Niebuhr took a teaching position in 1928 at Union Theological Seminary in New York City. In one of the most multi-cultural cities in the world, his religious life was expanded by the new life he encountered, as well as the readings of Karl Marx and other revolutionary thinkers. In 1930, Niebuhr fulfilled his profession of being “politically to the left and theologically to the right” when he joined the Socialist party. His right theology separated him from the many people who joined socialist parties in the 1930s. He ran for Congress for his New York district in 1930. He rejected the Marxist tendencies towards utopianism and man’s innate goodness. He resigned from the Socialist party in 1940, helped charter the Liberal Party, and participated in the Union for Democratic America.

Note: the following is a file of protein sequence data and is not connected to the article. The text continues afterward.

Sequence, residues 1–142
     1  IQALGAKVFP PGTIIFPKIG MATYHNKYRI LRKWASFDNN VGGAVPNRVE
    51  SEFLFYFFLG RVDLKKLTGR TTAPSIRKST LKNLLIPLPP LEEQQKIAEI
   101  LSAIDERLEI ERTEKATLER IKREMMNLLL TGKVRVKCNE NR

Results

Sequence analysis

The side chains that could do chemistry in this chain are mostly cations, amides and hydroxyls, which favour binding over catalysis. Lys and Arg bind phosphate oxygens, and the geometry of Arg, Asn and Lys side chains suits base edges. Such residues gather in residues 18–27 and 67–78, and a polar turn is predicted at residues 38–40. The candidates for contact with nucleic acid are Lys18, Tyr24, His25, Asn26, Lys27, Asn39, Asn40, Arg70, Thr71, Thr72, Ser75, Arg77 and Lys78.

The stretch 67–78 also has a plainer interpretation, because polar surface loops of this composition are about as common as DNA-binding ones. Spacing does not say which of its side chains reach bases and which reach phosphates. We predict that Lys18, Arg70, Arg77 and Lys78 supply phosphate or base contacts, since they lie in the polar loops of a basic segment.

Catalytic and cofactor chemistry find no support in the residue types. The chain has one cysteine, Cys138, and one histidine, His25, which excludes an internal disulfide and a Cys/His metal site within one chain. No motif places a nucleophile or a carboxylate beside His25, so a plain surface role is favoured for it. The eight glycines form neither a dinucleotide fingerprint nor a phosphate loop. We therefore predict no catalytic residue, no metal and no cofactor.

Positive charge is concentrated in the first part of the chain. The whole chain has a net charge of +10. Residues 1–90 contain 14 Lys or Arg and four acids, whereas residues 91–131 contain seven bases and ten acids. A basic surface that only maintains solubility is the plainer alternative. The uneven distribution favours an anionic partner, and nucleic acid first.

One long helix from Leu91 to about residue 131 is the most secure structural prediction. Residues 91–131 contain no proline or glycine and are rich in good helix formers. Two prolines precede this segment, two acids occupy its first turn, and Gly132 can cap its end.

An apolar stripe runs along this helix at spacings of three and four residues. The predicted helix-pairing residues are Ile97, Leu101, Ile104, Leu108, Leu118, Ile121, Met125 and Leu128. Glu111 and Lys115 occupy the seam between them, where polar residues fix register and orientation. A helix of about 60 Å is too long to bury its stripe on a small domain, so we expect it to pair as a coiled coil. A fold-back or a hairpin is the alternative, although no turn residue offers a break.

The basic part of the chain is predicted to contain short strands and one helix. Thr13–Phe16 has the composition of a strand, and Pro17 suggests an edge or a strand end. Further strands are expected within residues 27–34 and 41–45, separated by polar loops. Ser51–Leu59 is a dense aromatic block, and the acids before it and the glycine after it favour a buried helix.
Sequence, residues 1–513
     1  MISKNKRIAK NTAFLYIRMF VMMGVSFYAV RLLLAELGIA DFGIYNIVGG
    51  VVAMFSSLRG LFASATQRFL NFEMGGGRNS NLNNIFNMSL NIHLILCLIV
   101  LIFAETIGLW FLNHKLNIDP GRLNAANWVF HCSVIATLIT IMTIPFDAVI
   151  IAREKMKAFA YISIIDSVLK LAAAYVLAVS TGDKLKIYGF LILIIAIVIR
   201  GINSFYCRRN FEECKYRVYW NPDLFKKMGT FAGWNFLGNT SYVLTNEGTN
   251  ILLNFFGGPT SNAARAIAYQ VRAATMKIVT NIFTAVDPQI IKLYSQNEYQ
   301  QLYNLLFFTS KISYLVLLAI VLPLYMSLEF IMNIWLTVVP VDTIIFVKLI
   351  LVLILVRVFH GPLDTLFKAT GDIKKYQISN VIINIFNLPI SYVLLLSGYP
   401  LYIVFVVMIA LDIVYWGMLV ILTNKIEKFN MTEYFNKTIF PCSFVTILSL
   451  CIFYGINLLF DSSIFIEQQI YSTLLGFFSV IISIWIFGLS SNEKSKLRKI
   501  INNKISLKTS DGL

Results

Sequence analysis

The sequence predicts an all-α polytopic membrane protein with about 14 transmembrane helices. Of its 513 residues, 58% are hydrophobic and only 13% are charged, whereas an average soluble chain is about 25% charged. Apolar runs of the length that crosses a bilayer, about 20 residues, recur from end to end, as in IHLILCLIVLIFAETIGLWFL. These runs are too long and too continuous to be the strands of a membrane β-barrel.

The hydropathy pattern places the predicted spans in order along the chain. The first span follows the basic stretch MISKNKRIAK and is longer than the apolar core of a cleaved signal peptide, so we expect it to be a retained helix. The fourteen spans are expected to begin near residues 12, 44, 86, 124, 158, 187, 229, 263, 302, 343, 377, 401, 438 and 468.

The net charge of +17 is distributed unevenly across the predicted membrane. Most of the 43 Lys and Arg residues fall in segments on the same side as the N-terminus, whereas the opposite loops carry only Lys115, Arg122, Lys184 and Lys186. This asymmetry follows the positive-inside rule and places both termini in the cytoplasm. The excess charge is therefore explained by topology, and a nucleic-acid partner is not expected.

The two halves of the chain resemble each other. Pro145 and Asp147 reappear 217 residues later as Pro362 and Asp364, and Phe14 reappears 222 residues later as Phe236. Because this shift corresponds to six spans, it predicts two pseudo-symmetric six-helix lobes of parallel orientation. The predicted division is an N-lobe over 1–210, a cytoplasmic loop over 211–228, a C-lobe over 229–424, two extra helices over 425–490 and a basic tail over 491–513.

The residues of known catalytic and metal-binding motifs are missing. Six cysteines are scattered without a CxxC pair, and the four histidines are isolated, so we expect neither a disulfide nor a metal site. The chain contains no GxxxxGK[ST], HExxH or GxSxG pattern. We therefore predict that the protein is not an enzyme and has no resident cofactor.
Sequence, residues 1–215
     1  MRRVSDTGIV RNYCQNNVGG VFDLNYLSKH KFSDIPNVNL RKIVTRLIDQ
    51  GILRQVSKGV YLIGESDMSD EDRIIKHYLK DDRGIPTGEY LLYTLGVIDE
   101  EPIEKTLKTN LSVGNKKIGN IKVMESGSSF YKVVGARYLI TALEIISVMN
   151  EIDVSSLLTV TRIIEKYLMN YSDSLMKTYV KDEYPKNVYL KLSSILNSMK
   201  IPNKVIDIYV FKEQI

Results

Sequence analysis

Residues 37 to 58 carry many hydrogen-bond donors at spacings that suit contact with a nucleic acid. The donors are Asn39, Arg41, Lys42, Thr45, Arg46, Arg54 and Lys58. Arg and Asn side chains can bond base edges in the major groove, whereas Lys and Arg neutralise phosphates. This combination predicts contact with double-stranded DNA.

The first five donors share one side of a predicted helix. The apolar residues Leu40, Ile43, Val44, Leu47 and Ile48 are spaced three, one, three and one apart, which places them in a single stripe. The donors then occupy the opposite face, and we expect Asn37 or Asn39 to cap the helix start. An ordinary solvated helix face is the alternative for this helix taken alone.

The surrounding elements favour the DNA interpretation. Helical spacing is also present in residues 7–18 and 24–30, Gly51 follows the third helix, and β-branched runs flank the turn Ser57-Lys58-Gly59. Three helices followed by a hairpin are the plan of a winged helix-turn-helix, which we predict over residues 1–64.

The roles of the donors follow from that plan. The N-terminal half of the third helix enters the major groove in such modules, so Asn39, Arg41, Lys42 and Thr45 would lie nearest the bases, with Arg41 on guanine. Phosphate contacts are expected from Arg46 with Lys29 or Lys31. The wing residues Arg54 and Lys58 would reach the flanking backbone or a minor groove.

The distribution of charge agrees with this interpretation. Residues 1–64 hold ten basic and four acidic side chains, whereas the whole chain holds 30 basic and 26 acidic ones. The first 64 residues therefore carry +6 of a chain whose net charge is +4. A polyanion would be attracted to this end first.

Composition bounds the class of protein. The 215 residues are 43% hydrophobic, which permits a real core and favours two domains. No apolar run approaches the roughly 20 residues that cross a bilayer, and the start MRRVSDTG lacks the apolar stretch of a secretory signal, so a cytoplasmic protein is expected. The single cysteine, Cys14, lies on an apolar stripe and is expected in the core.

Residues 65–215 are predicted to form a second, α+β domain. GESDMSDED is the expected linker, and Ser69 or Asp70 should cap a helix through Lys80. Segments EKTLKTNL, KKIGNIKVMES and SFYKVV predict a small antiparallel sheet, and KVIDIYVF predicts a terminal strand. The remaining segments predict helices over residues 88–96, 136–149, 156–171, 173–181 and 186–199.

Niebuhr championed a social gospel, which “contains[ed] trends of the piety of the Enlightenment, especially its individualism, rationalism, and unconquerable faith in human progress.” The believed people were connected through a brotherhood which is connects through the Father. A personal conversion was not valued and all emphasis was placed into activities that would save humanity. But Niebuhr believed that the social gospel had many flaws and therefore created “Christian Realism”. To promote his opinions, Niebuhr wrote many books and journal articles.
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